So fucking what? There are several 3D game engines out there, use one of those. Or roll your own.

I don't think they have a 2D engine in there either.

Re:Oh, wow! (5, Informative)

tomstockmail (2056752) | more than 2 years ago | (#39791995)

1. It's for mobile devices. PS Vita is the current testing platform. When PSSuite launches, it will be available on Playstation Android phones (another whole story).
2. It's beta, but since it's a branded Mono Develop that means good things. iOS can only be done properly on OSX after all.
3. Yeah that was weird but they might be going for the XNA crowd.
4. There's 3D support, you're completely wrong. From their site [playstation.com]
>Rather than providing only basic samples for explaining each basic API, the SDK also gives you access to samples of games and applications using 2D and 3D graphics.
5. PSSuite will be a platform. Google can prevent anyone from using the Play store, Apple can prevent anyone from using the app store.
6. It will be $99/year, the same price as iOS development.
Looks like it's right in line with the other mobile platforms.

Re:Oh, wow! (2)

Alex Belits (437) | more than 2 years ago | (#39792093)

It looks more like a massively crippled platform with Sony trying to control access to the least-popular Sony-branded devices. Any combination of 2D and 3D game engines for Android would be superior in all possible ways except for Sony name not being attached to it.

Re:Oh, wow! (0)

Anonymous Coward | more than 2 years ago | (#39795073)

Any combination of 2D and 3D game engines for Android would be superior in all possible ways except for Sony name not being attached to it.

There are little to no high quality games on Android. The opposite is true for iOS. Its because Java, and to an extent Android are horrible platforms for writing any kinds of accelerated 3d graphics. Linux is only useful for offline CPU based rendering And android, having the same broken "giant monolithic binary blob kernel" non-design underneath like Linux is ill suited for high fps games. But even if someone was to cure this shitty design they'd still need high quality video driver support. Because Android runs on multiple different video chipsets, its impossible without a high quality API like directx to create games that run the same on all of them.

Re:Oh, wow! (0)

Anonymous Coward | more than 2 years ago | (#39795305)

Were you going for maximum FUD per character?

Not going to argue on a _very objective_ statement "There are little to no high quality games on Android. The opposite is true for iOS.", as I'm not much of a mobile gamer and hold the opinion that there are no high quality games on mobile platforms at all yet.

First, you can drop out of Java and write speed-critical parts of code in C/C++ with NDK.
Second, "Linux is only useful for offline CPU based rendering And android, having the same broken "giant monolithic binary blob kernel" non-design underneath like Linux is ill suited for high fps games." is plain counterfactual.
Third, "a high quality API like directx" (MS much?) for Android is called the same as one for iOS and many other mobile platforms - OpenGL ES.

Did you know that all those huuuuuge problems didn't stop Epic Games releasing Unreal Engine 3 for Android, for example?

Re:Oh, wow! (1)

s73v3r (963317) | more than 2 years ago | (#39797259)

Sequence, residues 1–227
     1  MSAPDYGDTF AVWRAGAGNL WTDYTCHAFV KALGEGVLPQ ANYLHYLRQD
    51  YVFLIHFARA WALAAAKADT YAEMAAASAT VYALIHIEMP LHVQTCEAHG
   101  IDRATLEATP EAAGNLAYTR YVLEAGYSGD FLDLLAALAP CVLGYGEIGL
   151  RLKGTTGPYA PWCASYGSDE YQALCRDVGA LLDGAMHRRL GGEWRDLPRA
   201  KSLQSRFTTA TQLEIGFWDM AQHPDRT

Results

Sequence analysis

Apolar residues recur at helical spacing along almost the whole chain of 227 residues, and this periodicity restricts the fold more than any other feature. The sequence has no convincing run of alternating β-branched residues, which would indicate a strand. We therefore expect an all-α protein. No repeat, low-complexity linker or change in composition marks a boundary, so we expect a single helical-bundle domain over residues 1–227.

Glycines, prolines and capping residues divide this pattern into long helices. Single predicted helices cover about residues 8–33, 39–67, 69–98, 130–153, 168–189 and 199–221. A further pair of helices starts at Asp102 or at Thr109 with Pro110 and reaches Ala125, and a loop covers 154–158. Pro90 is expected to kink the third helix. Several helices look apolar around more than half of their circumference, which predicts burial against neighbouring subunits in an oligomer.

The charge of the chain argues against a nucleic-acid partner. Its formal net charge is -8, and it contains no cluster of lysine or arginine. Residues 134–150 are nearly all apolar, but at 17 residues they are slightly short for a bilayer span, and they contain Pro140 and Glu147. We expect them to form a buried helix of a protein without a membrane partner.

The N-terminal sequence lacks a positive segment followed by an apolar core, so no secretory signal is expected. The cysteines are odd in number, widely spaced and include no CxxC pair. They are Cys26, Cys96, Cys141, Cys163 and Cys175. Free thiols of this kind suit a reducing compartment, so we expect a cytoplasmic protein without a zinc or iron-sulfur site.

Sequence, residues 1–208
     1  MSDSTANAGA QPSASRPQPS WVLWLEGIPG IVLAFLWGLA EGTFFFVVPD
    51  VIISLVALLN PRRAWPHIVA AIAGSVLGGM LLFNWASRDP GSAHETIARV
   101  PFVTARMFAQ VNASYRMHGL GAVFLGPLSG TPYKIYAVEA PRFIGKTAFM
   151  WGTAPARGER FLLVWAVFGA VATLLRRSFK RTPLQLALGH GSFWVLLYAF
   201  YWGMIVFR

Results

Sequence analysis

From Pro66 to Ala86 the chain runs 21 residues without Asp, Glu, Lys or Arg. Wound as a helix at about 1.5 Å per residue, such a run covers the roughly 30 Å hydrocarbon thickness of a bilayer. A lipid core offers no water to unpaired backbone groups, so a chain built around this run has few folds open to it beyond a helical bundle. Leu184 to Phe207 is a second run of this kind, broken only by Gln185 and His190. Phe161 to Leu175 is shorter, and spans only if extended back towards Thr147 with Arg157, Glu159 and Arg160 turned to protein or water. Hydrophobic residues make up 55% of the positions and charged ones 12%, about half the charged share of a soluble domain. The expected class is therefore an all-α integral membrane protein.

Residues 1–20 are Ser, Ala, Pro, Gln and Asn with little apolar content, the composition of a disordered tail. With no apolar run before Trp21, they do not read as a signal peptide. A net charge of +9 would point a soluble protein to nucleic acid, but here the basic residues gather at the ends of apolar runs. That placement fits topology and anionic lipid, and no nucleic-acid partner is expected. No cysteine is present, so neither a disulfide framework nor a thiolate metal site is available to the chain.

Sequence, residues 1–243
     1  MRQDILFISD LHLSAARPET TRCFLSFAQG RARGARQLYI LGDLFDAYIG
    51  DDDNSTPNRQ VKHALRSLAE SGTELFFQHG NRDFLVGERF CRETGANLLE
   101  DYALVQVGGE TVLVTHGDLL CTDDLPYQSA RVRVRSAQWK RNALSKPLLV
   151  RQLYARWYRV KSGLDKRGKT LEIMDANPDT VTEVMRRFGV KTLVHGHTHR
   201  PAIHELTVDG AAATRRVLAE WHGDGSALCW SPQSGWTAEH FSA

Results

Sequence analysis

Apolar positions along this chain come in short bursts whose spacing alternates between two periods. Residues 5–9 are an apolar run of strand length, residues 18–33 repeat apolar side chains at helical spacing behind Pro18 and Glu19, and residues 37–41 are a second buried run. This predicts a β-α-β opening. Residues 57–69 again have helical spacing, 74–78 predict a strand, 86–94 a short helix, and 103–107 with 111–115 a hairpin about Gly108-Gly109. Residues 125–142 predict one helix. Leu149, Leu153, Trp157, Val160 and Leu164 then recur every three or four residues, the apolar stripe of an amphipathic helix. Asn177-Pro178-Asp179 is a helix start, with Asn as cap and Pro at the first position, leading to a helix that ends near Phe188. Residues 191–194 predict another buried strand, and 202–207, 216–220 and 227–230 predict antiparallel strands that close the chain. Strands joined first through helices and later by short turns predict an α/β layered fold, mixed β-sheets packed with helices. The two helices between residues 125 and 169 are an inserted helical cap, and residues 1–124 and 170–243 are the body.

Its because Java, and to an extent Android are horrible platforms for writing any kinds of accelerated 3d graphics.

Not necessarily. Java isn't that bad of a platform for that, and besides, anyone who's serious about it would be using the Native development kit and writing the core of the game in C/C++ anyway.

Because Android runs on multiple different video chipsets, its impossible without a high quality API like directx to create games that run the same on all of them.

Android has OpenGL ES. Meaning you only have the one high quality API you have to target. And on the PC side of things, DirectX doesn't make sure that games run the same on all devices. Compare a game running on a high end, current GPU, and a game running on one that's a few generations out of date. You'll notice a big difference.

Re:Oh, wow! (1)

s73v3r (963317) | more than 2 years ago | (#39797209)

So you're just gonna throw out an assertion, with nothing to back it up, and with nothing to dispute his counterpoints?

Re:Oh, wow! (1)

drinkypoo (153816) | more than 2 years ago | (#39793041)

1. It's for mobile devices. PS Vita is the current testing platform. When PSSuite launches, it will be available on Playstation Android phones (another whole story).

And yet, there is no good reason why you wouldn't want to run these games on your PS3.

It's beta, but since it's a branded Mono Develop that means good things

Name one. You lost me at "Mono"

PSSuite will be a platform. Google can prevent anyone from using the Play store, Apple can prevent anyone from using the app store.

Google doesn't try to prevent you from making apps for their platform, they only control who can use the store. You have a point with Apple, but "they're no more evil than Apple" is not a good argument 'round these parts.

It will be $99/year, the same price as iOS development.

Let me say it again, slower, FUCK APPLE

Looks like it's right in line with the other mobile platforms.

Sure, except for Android, which is totally different since anyone can download the full source, anyone can download the SDK, and anyone can make an app you can load from an apk if you're not too dumb to buy an unlocked phone. So except for being totally unlike Android in every way, it's much like the other mobile platforms.